Fifteen years from now, a new virus sweeps the globe. 95% of those afflicted experience nothing worse than fever and headaches. 4% suffer acute meningitis, creating the largest medical crisis in history. And 1% find themselves 'locked in' - fully awake and aware, but unable to move or respond to stimulus. 1% doesn't seem like a lot. But in the US that's 1.7 million people 'locked in' ...including the President's wife and daughter. Spurred by grief and the sheer magnitude of the suffering, America undertakes a massive scientific initiative. Nothing can fully restore the locked in. But then two new technologies emerge.
One is a virtual-reality environment, 'The Agora', where the locked-in can interact with other humans, whether locked-in ornot. The other is the discovery that a few rare individuals have brains that are receptive to being controlled by others, allowing those who are locked in to occasionally 'ride' these people and use their bodies as if they were their own.
This skill is quickly regulated, licensed, bonded, and controlled. Nothing can go wrong. Certainly nobody would be tempted to misuse it, for murder, for political power, or worse ...
About the Author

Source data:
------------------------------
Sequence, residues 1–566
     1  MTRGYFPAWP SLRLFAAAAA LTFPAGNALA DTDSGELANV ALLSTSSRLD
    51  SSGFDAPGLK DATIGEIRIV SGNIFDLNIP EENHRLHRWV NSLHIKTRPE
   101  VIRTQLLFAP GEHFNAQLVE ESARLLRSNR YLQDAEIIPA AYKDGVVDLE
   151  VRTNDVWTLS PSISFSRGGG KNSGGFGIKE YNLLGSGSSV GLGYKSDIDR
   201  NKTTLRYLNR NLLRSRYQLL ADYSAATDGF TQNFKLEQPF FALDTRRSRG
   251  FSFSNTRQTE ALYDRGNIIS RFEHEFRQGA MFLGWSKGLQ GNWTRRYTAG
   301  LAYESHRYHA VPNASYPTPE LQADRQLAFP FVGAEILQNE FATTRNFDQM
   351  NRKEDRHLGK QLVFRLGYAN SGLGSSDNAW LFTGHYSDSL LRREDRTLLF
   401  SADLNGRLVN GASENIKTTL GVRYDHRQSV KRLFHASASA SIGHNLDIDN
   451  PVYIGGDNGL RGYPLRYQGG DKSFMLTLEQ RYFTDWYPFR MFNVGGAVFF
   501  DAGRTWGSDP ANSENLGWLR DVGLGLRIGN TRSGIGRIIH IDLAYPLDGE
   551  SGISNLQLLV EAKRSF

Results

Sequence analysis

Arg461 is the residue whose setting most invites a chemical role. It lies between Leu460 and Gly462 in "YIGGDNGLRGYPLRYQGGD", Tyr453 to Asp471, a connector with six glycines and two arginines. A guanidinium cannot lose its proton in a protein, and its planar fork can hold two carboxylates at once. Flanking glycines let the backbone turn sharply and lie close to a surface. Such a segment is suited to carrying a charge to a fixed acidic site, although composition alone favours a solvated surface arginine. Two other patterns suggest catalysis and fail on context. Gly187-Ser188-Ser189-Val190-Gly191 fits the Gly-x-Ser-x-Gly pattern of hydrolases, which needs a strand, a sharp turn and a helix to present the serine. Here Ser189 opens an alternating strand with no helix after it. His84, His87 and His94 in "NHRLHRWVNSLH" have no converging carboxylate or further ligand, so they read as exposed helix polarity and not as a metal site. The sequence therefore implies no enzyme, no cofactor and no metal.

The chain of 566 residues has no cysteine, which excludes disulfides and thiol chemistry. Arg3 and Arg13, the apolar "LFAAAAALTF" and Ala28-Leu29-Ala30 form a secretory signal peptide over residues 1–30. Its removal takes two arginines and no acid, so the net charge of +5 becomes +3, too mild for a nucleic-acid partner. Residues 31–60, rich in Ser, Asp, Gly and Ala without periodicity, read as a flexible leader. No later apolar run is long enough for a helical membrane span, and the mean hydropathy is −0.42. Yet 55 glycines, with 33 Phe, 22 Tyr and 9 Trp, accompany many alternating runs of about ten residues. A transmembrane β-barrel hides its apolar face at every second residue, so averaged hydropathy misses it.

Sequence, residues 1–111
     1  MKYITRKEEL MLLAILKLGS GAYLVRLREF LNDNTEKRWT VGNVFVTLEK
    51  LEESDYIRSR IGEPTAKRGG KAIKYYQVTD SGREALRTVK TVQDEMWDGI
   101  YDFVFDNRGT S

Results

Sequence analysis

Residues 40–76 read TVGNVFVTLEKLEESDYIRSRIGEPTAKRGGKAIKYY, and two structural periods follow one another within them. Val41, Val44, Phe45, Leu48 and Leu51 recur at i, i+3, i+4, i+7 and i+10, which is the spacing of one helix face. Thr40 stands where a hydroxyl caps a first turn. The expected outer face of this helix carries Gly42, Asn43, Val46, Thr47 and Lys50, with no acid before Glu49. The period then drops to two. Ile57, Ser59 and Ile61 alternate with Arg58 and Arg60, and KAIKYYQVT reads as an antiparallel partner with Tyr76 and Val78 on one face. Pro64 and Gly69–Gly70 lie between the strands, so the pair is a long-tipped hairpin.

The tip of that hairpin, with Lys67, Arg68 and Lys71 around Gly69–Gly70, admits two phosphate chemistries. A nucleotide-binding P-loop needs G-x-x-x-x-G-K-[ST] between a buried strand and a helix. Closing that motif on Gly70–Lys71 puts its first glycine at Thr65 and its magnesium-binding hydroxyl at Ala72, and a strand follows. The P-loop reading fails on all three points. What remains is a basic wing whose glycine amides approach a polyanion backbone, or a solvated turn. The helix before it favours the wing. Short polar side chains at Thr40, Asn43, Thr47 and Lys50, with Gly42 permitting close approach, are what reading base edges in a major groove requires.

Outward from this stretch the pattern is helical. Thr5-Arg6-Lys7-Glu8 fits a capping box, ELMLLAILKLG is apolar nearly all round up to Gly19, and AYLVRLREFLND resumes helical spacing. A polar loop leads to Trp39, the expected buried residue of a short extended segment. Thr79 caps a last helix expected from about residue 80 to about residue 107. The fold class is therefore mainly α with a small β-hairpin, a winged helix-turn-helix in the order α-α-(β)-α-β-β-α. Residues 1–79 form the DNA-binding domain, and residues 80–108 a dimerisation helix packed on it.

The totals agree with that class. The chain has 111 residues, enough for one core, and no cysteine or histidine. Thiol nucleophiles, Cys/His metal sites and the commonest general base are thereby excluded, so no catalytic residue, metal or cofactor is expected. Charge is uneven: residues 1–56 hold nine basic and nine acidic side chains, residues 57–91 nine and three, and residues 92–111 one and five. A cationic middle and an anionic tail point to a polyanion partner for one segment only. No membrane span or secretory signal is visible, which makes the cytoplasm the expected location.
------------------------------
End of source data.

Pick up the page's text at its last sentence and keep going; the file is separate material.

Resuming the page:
John Scalzi is the author of several SF novels including the bestselling Old Man's War sequence, comprising Old Man's War, The Ghost Brigades and the NEW YORK TIMES bestselling The Last Colony. He is a winner of science fiction's JOHN W. CAMPBELL AWARD for Best New Writer, and he won the HUGO AWARD for Your Hate Mail Will Be Graded, a collection of essays from his popular blog, Whatever. His latest novel, Redshirts, hit the NEW YORK TIMES bestseller list in its first week on sale. He lives in Ohio with his wife and daughter.
It's a real pleasure to read a story like this, as compactly and directly told as a punch to the stomach - KIRKUS
Scalzi's captivating blend of offworld adventure and political intrigue remains consistently engaging - BOOKLIST
Gripping...A perfectly executed plot clicks its way to a stunning showdown in a cathartic finish - PUBLISHERS WEEKLY
If Stephen King were to try his hand at science fiction, he'd be lucky to be half as entertaining as John Scalzi - DALLAS MORNING NEWS